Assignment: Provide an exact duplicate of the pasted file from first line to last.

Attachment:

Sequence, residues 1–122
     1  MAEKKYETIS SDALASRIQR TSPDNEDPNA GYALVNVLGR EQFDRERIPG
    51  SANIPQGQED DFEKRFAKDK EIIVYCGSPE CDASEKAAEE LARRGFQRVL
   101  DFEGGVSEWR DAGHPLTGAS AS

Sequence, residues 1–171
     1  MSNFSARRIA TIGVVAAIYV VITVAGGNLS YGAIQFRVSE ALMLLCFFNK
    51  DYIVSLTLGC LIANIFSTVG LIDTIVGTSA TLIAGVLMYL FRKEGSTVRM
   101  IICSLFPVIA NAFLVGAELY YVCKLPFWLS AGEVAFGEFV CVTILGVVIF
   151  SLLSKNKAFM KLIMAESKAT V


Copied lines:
Sequence, residues 1–122
     1  MAEKKYETIS SDALASRIQR TSPDNEDPNA GYALVNVLGR EQFDRERIPG
    51  SANIPQGQED DFEKRFAKDK EIIVYCGSPE CDASEKAAEE LARRGFQRVL
   101  DFEGGVSEWR DAGHPLTGAS AS

Sequence, residues 1–171
     1  MSNFSARRIA TIGVVAAIYV VITVAGGNLS YGAIQFRVSE ALMLLCFFNK
    51  DYIVSLTLGC LIANIFSTVG LIDTIVGTSA TLIAGVLMYL FRKEGSTVRM
   101  IICSLFPVIA NAFLVGAELY YVCKLPFWLS AGEVAFGEFV CVTILGVVIF
   151  SLLSKNKAFM KLIMAESKAT V